Recording their progress was of great importance to DuBois especially coordinating Atlanta Conferences at Atlanta University where he was a teacher and researcher. At Atlanta University, he further developed his commitment to Urban Sociology in United States. His sociological studies of the African American condition and progress present every walk of life the “Negro” faced after Emancipation. I have discovered significant data and research conversations about the “Negro Artisan” as he moves in the labor force in America after slavery. Du Bois’ Atlanta essays are also dynamic resource files for even the Women in Design history of Black designing women in America!
I was a freshman at Rhode Island School of Design when Fannie Lou Hamer gave her speech “Until I Am Free, You Are Not Free Either,” delivered at the University of Wisconsin, Madison, Wisconsin, January 1971. At that time, I never knew there was such a cadre of 1970 Black Designers— Dorothy E. Hayes, Mahler Ryder, Reynold Ruffins, Emory Douglas and their colleagues making design contributions after emancipation and through the civil rights era. I never knew there were Black students on RISD’s 1969 campus demanding diversity in its student body. An integrated design history had never been written during the Civil Rights Era, during my coming-of-age design narrative.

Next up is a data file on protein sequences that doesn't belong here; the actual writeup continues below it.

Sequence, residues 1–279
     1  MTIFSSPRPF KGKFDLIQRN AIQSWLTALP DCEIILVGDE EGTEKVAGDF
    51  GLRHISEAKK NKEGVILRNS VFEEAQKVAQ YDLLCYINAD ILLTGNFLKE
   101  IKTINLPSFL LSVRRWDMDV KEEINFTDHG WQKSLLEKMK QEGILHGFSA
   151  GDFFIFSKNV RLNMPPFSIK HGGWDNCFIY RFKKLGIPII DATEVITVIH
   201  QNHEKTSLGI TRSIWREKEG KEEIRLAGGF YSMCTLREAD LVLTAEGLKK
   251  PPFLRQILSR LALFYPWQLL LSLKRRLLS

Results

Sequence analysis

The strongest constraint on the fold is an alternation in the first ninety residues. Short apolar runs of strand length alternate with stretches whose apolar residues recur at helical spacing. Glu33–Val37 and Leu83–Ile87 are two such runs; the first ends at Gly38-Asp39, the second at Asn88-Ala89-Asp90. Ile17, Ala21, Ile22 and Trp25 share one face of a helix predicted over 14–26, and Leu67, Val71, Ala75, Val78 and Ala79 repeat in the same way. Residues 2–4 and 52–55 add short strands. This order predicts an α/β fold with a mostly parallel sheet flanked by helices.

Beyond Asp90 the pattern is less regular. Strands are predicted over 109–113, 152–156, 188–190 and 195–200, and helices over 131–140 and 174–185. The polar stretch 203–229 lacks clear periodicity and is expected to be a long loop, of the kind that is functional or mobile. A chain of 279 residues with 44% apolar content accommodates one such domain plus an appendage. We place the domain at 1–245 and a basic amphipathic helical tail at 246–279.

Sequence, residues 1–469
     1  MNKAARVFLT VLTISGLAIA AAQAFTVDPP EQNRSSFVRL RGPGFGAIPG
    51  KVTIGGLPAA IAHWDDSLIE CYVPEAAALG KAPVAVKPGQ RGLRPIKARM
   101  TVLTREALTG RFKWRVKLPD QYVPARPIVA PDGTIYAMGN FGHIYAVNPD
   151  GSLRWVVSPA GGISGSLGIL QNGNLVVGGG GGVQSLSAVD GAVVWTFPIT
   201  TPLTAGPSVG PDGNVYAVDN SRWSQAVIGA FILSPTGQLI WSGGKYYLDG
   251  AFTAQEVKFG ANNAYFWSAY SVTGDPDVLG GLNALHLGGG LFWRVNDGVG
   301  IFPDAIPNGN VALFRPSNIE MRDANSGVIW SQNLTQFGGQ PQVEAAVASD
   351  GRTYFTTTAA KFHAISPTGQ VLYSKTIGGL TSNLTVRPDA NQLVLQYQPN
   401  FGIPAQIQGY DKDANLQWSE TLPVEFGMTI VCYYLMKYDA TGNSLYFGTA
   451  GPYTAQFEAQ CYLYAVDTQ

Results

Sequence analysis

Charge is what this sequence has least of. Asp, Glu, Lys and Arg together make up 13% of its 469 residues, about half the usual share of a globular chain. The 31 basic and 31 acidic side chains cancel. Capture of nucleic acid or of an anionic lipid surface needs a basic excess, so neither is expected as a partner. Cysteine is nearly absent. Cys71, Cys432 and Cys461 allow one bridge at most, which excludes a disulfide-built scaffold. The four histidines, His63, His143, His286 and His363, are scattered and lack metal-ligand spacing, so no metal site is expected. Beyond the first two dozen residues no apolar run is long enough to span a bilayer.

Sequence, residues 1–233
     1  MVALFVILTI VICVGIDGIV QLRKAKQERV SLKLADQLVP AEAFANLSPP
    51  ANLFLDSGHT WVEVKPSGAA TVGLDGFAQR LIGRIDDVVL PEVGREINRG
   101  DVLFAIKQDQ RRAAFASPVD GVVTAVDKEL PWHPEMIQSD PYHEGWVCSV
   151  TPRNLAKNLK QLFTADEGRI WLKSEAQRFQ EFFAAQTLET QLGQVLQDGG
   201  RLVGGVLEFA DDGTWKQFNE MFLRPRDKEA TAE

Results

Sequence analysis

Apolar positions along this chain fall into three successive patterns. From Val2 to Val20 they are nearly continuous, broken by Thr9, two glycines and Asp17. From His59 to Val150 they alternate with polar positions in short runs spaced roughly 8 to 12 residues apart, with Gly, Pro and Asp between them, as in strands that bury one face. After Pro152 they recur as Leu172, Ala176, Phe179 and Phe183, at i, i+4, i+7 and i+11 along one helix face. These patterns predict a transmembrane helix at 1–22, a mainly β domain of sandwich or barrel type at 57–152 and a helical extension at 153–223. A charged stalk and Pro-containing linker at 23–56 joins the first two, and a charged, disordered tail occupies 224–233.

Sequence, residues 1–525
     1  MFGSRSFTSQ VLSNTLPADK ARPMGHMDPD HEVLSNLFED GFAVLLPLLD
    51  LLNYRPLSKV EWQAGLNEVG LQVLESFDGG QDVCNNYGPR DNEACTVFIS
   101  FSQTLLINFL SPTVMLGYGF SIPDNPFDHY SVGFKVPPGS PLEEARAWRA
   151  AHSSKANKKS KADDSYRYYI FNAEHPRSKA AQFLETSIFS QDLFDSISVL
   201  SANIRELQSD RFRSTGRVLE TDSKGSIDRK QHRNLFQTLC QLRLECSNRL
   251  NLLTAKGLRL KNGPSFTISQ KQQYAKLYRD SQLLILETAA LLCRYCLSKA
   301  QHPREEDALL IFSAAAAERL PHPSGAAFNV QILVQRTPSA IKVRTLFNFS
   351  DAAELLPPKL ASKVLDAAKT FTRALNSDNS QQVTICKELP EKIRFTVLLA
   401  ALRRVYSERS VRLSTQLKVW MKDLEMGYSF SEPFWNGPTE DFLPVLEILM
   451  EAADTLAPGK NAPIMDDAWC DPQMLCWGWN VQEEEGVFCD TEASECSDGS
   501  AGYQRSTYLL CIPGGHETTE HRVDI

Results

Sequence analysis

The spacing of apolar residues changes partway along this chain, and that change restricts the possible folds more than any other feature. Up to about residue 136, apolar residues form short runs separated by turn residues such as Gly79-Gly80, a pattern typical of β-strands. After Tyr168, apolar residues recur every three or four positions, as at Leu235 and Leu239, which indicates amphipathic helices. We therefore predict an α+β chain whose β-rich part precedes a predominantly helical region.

As a product of the era’s prejudicial thinking, I never truly understood why my high school teacher told me I would never be an artist. Why would she tell me as a teenager, that I would have no future as a visual artist? Racism and the bigotry of low expectations are the primary barriers for young Black designers and artists. This Juneteenth 2023, I stand with Fannie Lou Hamer and her immortal words! Just because the design historical canon didn’t teach me of the Black designer’s contributions doesn’t mean I haven’t learned about that invaluable history. And now, uncovering and sharing that history is a cornerstone of my life’s work.
We have a collective history that is true to our design community. Today, our design academics and practitioners are serving a far more diverse community than those who were trailblazers through the closed doors of our industry. I even teach a decolonized design canonical history because there are so many new design stories and histories that must be included in our Academy’s pedagogy. Centuries after emancipation, I am dedicated to decolonizing the design canon for a more fair, just and equitable history we all can freely embrace. We all can and should celebrate Juneteenth! We are free to tell the story as we see fit, no matter what subject positions we inhabit.
Dr. Cheryl D. Miller is recognized for her outsized influence within the graphic design profession to end the marginalization of BIPOC designers through her civil rights activism, industry exposé trade writing, research rigor, and archival vision. Miller is a national leader of minority rights, gender, race diversity, equality, equity, and inclusion advocacy in graphic design. She is founder of the former Cheryl D. Miller Design, Inc., NYC, a social impact design firm. She is a designer, author, educator, theologian, and a decolonizing design historian.